Things Fall Apart


Introduction and Background

Chinua Achebe was the son of an Anglican missionary. Born in 1930 in a village in Nigeria, he received the Christian name Albert, which he would later discard. Growing up in a village much like the one described in his most famous novel Things Fall Apart, Achebe could testify to many of the events depicted therein—for even though he lived during a time when Nigeria was already colonized by the English, many of the tribes retained their native customs even in his day.

Achebe himself attended the English-established Government College and graduated from University College when he was 23 years old. After studying both history and theology, Achebe developed a new worldview from which to judge his country’s place in the world. It was then that he dropped the Christian name given to him at birth and adopted the name Chinua.

In his 30s, Achebe became one of the leaders of realistic Nigerian literature by detailing the culture and customs of Nigeria’s native people. His novel Things Fall Apart may be read as a response to other English works, which cast the African people in a primitive light and depict lives shrouded in darkness. Although Things Fall Apart is full of dark events, it also serves to humanize the Nigerian natives to such an extent that several of the characters in the novel may be viewed sympathetically.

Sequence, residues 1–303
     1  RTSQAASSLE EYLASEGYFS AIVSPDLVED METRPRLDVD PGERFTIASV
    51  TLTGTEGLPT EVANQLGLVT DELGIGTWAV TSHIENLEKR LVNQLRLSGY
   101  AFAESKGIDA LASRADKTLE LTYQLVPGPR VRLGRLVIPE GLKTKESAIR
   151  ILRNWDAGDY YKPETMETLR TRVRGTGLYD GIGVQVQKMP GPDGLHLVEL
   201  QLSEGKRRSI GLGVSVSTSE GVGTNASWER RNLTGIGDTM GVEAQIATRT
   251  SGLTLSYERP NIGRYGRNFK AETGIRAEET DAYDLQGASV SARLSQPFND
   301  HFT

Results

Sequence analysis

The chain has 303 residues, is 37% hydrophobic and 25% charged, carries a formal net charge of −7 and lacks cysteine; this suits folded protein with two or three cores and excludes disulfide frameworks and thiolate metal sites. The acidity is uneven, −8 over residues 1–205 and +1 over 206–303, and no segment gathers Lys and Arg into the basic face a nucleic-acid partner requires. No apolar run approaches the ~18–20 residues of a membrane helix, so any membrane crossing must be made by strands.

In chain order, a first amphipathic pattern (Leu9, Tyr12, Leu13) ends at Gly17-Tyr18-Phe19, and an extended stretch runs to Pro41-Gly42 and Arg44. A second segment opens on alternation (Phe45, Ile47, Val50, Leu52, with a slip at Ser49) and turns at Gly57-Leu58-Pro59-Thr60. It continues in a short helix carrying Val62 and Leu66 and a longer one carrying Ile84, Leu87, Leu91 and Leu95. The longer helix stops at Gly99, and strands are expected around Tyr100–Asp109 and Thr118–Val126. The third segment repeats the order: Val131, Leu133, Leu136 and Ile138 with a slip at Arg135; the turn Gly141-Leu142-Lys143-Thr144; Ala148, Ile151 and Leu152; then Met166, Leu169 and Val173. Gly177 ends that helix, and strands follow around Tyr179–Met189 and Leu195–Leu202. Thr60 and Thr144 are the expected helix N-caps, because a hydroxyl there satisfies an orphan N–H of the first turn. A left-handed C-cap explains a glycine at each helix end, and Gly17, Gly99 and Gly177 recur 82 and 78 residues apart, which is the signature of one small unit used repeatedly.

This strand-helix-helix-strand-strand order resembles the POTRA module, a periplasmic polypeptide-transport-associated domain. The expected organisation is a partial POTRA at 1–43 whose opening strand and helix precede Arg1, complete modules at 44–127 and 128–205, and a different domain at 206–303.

Set just before (and during) the arrival of the Anglican missionaries in Nigeria, Things Fall Apart describes the loss of tradition not just in the village of Umuofia but in humanity as a whole. For example, the clan of Umuofia serves a god that demands human sacrifice from time to time; its turning away from such acts of human sacrifice can hardly be lamented. Yet one must wonder to some extent at the Christianity to which it turns, since it itself is a deviation from the traditional church, originally founded by its own God. Thus the novel, which takes its title from a poem by W. B. Yeats, is less a novel about a hero and more a novel about an impending breakup of society (symbolized by...

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